The title of my book: Dream of the Water Children: Memory and Mourning in the Black Pacific, contains terms that are in the in-between space between language, history, and worldviews. In this post, and the next post, I will focus on the term: water children. What is this? In my own use of the term for my book, what does this mean?
As my About page iterates, In my book, I awaken in the middle of the night and begin writing in Japanese, the words 水子 in its many forms. It is “mizu-ko.” In its most common usage, it may be a girl/woman’s name Mizuko. The literal meaning is Water Child.
However, as I also say on that page, that the term is a postwar Japanese term which connotes an aborted fetus in relation to a Buddhist ceremonial ritual that prays to the gods of aborted fetus. The aborted fetus are, in the postwar context, centered around babies created between American and Western military occupation personnel and local women. In most texts regarding this issue, the numbers of mixed-race babies are usually severely reduced or exaggerated, as is the case with most statistics with different views, contexts, and strategies for survival and/or benefit. Water child is in reference to a life-form, a baby, that returns to the waters of the womb. The womb may connote the space where all beings are created. The ceremonies and rituals around the mizuko, became a way for the thousands of women from many walks of life, who had secretly and silently aborted their babies, to pray for the baby that has left the earth.
The Jizō figure/statue, developed through the continuation of Buddhist iconography from South Asia, where the Buddha resided, and developed in Mahayana Buddhist metaphysical traditions as Ksitigarbha (in Sanskrit), who is a bodhisattva who takes responsibility for all beings between the death of the Buddha and the rise of the future Buddha, vowing not to achieve Nirvana until all of the various hells are emptied. In East Asia, this form was passed from China to Southeast Asia, Korea, and to Japan. In Japan, the Chinese term 地蔵 was then transferred and pronounced Jizō in Japanese.
In most places around the globe, where American military bases have been produced, usually in the contexts of occupation and elite trade and military interests, the realities of sexual relations is not something to be ignored. Militarism, sexism, and local economies are heavily related and dependent on each other. Those whose lives are mostly effected are the women and the babies produced, creating social issues that are virtually ignored by the American servicemen. In this context, one can imagine that the statistics that the U.S. military, the CIA, and other scientific organizations who have studied this issue, are way off when it comes to the numbers. The first biggest problem is that most women, at least the women I’ve known in Japan, would never divulge the fact that they aborted. It remains a secret. And for more obvious political reasons, the United States will not want the numbers to be too big, and neither will the Japanese government in the process of re-building its nation after the flattening and devastation of Japan in World War II, or today, when the United States needs to maintain hegemonic dominance in relation to recurring Cold War histories in the present.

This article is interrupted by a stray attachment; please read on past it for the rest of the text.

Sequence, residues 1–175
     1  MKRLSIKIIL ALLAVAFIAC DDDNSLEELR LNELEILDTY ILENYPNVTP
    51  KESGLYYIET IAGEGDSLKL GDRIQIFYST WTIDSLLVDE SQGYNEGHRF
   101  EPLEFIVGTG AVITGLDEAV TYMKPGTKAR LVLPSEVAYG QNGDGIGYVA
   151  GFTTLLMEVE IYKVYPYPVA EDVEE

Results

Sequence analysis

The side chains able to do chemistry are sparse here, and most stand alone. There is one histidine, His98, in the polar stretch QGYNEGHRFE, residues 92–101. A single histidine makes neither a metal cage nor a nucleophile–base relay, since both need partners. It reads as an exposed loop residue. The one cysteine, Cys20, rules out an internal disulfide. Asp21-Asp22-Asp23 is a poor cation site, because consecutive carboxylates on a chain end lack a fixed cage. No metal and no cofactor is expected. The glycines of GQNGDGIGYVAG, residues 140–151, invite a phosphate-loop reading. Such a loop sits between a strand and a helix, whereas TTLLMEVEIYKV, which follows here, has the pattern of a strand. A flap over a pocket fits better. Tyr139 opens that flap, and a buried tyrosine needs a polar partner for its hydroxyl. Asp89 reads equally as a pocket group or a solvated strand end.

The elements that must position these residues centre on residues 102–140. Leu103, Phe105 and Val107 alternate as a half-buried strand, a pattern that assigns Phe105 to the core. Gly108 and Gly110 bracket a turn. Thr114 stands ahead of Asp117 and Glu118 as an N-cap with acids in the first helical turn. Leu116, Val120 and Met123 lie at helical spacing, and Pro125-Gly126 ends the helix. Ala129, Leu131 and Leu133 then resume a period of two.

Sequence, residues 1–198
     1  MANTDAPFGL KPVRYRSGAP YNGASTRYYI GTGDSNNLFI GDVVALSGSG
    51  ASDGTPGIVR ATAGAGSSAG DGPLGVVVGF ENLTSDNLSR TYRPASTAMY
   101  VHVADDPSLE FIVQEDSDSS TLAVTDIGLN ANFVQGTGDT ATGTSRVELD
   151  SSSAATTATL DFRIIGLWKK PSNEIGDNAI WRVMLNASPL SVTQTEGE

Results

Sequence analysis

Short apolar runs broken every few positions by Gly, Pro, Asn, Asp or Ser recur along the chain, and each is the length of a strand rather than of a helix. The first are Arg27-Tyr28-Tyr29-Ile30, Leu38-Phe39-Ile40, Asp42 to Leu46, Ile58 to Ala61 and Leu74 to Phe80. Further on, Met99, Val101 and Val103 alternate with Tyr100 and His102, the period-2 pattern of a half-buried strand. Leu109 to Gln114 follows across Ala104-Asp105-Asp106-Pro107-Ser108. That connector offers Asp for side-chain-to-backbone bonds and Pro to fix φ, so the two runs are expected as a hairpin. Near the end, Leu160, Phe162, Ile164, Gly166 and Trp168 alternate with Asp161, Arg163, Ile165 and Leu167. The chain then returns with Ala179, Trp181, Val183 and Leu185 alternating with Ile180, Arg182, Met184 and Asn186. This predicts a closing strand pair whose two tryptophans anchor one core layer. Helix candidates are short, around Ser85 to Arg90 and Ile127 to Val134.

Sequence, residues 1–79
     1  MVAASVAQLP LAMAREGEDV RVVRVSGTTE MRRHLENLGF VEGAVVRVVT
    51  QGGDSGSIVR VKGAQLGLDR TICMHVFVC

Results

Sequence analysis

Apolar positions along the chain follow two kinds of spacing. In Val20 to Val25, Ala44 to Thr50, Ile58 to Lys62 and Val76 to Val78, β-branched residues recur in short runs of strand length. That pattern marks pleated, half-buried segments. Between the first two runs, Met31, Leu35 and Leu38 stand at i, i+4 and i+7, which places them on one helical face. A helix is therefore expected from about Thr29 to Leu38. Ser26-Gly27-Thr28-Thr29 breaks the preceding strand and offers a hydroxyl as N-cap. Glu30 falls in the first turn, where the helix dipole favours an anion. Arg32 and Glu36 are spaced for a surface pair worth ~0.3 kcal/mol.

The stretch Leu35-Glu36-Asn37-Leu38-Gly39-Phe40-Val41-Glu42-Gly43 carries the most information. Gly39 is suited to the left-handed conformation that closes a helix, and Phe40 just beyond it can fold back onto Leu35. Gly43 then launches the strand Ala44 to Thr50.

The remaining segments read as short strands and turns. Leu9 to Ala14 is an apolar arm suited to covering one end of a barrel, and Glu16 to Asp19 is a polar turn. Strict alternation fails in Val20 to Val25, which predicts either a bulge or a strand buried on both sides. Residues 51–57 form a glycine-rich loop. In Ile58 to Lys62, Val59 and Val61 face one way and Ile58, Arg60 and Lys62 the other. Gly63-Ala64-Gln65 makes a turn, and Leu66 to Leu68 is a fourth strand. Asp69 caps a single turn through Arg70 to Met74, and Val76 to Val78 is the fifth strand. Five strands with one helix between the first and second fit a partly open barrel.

However, as time has passed, the complexity of allegiances to certain forms of history and historical discourse (i.e. revisions, truths, perspectives) began revealing themselves. In any society, there is complexity in relation to stories that are buried, forgotten, manipulated, or killed off. For the history and stories of the mizuko, there are the cracks in the white-washed stories told of the numbers. In my book, I tell the stories in a more wide-open way, to give peoples’ minds a way to think of the scope, perhaps to understand that which is not calculable. Between the fetus being buried somewhere in a field, to thrown into the oceans or a lake, to being left in a public trash bin, or left on trains and busses, and countless other ways, those lives were counted in only small numbers; too painful and traumatic for those mothers to think about and would most likely for a lifetime, never forget what they did, whether willfully or with the deepest regrets.
In my next couple of blogposts, I will cover different aspects of this, other than those covered mostly in my book. My book stems from my own memories and conversations with women, and conversations with my mother over the years. Whether the memories are accurate or not is not the point. I say this because memory is precarious and fraught with time, displacement, trauma, pain and the will to both forget and remember, influenced by the culture and place where we have been and are.
As time has passed, from the traumatic postwar period, the figures of the mizuko also moved with the times. In the more immediate period into Japan’s entrance into western globalization at the Tokyo Olympics, the Jizō figure was primarily represented as serious. solemn, strong, and peaceful. As time passed, the development of Jizō figures that were joyful, or who were represented more childlike, became more popular, to detach Japan from the sadness of those years.
In the next posts, I will cover a myth that has recently arisen, of the publicizing of a mass grave in Yokohama prefecture in Japan, said to be the burial site of over 900 aborted fetus of mixed-race children, which has largely been ignored and willfully hidden by the authorities. In relation to this, Yokohama Mary, a woman who was often seen in urban areas walking in all-white, with her face painted in white and carrying a parasol, became a cult figure in Japan, and related to the story of mizuko, the shame and trauma of women around the military bases during the postwar, and Japan’s mixed desires to confront cultural memory.